8. need to be considered for drug therapy (women with diabetes or other high risk factors with blood pressure greater than 130 mmHg systolic and or 80 mmHg diastolic may require drug therapy). referred for antenatal management by an obstetrician with special interest in diabetes in pregnancy. if appropriate.24.28 Studies to date are small in size and randomised controlled trials and prospective endpoint studies are lacking. Their abnormal lipid profiles mainly consist of raised triglycerides. with referral to a specialist obstetric diabetic service if abnormalities are detected Metformin is currently not licensed for use in pregnancy in the UK and is not recommended for use in pregnancy.20–22 They have increased cardiovascular risk factors such as obesity. hyperlipidaemia and hyperinsulinaemia.27 Despite the increase in cardiovascular risk factors. triglycerides and high-density lipoprotein cholesterol).35 However. hypertension should be treated but lipid-lowering treatment is not recommended routinely and should only be prescribed by a specialist.29 These guidelines suggest that persistent blood pressures greater or equal to 140 mmHg systolic and or 90 mmHg diastolic.26 The elevation of risk factors in young women with PCOS may therefore put them at increased risk of developing accelerated atherosclerosis resulting in myocardial infarction. hyperandrogenism. not responding to lifestyle measures.25 In the Nurses’ Health Study. total and low-density lipoprotein cholesterol.32 Metformin taken throughout pregnancy had been suggested to reduce the risk of miscarriage and gestational diabetes in women with PCOS.31 The risk is believed to be greatest in obese women with PCOS who required ovulation induction in order to conceive. Such women should be screened for abnormal glucose tolerance in pregnancy and. A recent meta-analysis concluded that women with PCOS have a significantly higher risk of pregnancy complications compared to controls. from a clinical perspective.30.34 Another meta-analysis provided reassurance that metformin is safe. which should be referred to.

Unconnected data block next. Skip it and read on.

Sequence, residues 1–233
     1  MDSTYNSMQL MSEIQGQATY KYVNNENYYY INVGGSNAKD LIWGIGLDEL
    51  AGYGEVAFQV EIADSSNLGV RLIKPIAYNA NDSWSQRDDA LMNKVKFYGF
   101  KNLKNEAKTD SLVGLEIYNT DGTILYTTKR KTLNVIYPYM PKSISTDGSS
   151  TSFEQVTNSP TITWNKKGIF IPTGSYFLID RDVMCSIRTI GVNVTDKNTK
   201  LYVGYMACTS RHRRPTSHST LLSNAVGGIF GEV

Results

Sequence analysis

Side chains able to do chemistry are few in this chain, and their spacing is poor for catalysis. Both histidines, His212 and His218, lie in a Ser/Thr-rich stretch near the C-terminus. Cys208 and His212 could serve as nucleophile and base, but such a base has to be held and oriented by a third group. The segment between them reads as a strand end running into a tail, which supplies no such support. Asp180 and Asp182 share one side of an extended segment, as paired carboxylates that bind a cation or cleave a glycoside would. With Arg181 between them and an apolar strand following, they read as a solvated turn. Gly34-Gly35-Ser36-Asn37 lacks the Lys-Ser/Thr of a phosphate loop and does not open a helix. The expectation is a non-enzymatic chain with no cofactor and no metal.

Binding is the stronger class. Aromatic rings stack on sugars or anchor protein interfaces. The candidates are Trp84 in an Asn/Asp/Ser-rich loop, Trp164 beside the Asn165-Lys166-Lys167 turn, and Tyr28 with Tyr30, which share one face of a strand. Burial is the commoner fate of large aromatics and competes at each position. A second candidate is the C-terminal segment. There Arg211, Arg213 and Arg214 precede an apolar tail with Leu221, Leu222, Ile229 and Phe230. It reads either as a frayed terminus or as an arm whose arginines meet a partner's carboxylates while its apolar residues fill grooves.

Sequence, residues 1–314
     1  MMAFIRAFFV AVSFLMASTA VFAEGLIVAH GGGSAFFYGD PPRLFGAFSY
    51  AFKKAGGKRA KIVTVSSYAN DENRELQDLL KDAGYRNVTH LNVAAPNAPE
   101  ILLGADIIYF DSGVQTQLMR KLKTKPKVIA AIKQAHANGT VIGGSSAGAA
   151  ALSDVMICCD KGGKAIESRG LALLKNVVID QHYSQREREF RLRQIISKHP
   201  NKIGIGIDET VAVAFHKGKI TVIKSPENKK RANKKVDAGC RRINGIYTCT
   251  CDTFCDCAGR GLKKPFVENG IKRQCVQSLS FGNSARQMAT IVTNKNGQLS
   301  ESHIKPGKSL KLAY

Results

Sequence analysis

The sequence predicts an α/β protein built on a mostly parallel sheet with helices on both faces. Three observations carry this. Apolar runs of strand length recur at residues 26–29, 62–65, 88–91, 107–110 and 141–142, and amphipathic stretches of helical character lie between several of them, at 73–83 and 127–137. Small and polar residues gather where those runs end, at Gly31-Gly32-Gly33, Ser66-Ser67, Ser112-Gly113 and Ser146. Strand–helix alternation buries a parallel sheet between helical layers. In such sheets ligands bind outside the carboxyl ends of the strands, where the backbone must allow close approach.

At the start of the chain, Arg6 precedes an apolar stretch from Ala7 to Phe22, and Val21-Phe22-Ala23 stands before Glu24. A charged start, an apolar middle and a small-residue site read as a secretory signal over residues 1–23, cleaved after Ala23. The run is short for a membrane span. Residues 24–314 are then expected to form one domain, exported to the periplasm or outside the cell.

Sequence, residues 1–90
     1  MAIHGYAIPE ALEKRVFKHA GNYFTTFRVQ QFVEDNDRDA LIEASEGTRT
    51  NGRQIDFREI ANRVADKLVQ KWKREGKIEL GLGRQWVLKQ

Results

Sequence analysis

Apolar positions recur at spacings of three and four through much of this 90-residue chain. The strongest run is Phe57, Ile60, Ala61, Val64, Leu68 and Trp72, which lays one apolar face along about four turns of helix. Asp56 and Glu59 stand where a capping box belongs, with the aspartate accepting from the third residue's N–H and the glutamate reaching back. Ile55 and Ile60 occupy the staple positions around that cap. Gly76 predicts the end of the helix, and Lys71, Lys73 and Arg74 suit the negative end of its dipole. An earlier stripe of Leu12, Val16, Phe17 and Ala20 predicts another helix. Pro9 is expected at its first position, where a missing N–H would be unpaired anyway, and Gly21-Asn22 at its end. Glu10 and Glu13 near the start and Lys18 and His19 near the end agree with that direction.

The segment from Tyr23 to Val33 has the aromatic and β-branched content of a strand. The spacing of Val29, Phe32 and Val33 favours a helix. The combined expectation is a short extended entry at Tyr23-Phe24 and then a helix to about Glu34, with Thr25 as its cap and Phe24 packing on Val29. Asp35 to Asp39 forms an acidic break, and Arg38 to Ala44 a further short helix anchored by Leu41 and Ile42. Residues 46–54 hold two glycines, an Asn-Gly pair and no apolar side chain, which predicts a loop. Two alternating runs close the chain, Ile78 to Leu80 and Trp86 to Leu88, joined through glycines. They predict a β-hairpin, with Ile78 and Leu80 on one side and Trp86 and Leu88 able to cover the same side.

PCOS and pregnancy
What are the implications of PCOS for pregnancy?
Women who have been diagnosed as having PCOS before pregnancy (such as those requiring ovulation induction for conception) should be screened for gestational diabetes before 20 weeks of gestation. is controversial. hypertension should be treated according to the Joint British Society Guidelines. We do not recommend its use in pregnancy at present until further randomised prospective study results are available to provide adequate evidence of safety and efficacy of its use in this